Articles & Blogs

How the Rebuttable Presumption Influences COVID-19  Workers’ Compensation Claims in New Jersey

New Jersey
September 26, 2022
September 26, 2022

Since the COVID-19 pandemic, there has been a rise in occupational exposure claims filed for employees who allege they have contracted COVID-19 in the course and scope of their employment. However, unlike other workers’ compensation claims, COVID-19 claims include a “rebuttable presumption.”

On September 14, 2020, Governor Murphy signed into law Senate Bill 2380, a bill addressing workers’ compensation benefits for COVID-19-positive employees who classify as “essential employees” in New Jersey. Subsequently, it created the rebuttable presumption of workers’ compensation coverage for COVID-19 cases contracted by “essential employees” during a public health emergency. The law is retroactive to March 9, 2020.

What is an essential employee?

Pursuant to the bill, an essential employee means an employee in the public or private sector who, during a state of emergency:

  • Is a public safety worker or first responder, including any fire, police or other emergency responders,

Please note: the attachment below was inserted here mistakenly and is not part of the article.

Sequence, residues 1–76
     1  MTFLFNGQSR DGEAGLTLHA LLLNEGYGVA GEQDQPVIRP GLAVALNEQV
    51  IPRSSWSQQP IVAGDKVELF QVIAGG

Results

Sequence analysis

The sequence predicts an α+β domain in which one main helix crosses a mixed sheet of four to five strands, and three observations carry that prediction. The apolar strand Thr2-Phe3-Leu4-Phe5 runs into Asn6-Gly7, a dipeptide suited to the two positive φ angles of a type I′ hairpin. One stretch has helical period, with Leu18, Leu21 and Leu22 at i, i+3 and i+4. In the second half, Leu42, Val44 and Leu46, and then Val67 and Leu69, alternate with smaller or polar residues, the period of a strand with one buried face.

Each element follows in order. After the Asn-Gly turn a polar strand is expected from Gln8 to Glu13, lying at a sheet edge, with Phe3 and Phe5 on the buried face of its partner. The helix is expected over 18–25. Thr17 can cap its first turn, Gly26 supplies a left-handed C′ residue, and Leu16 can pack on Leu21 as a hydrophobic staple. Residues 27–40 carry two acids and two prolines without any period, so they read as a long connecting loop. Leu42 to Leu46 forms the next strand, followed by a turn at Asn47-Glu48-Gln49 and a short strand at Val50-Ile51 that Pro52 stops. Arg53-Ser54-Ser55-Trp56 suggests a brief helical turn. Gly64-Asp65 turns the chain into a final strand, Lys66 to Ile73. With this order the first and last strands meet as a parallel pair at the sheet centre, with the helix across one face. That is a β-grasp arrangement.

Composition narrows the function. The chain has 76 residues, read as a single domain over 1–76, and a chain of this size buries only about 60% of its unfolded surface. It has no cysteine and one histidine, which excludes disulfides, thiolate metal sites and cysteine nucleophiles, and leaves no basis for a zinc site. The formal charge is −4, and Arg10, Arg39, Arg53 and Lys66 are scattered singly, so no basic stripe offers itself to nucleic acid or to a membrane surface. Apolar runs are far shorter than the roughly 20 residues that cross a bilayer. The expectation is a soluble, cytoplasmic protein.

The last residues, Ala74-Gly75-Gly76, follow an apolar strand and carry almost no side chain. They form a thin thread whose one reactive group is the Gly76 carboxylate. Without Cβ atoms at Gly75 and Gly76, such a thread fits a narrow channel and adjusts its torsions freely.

• Is involved in providing medical and other healthcare services, emergency transportation, social services, and other care services, including services provided in health care facilities, residential facilities, or homes,  
  • Performs functions which involve physical proximity to members of the public and are essential to the public's health, safety, and welfare, including transportation services, hotel and other residential services, financial services, and the production, preparation, storage, sale, and distribution of essential goods such as food, beverages, medicine, fuel, and supplies for conducting essential business and work at home,  
  • Is any other employee deemed an essential employee by the public authority declaring the state of emergency.

This law does not mean that the employer is completely responsible for an essential employee who contracts COVID-19. Instead, it means that rather than the essential employee having the burden to prove they were exposed to COVID at work, it is simply assumed that they were. The presumption puts the onus on the employer to disprove the claim. It is important, therefore, for employers to carefully conduct their investigation to ensure the employee did not contract it from anywhere else. Although this may be difficult to ascertain, serving the petitioner with specific COVID -19 occupational interrogatories is a good place to start. For example, asking detailed questions regarding an employee’s exposure to family and friends, holiday gatherings, mask use, vaccines, travel exposure, if they have children who attended school or if they engaged in any outside employment or volunteer opportunities can be helpful.

It is vital that employers be meticulous while conducting their investigations into COVID-19 occupational exposure petitions to be able to defend against these emerging workers’ compensation claims.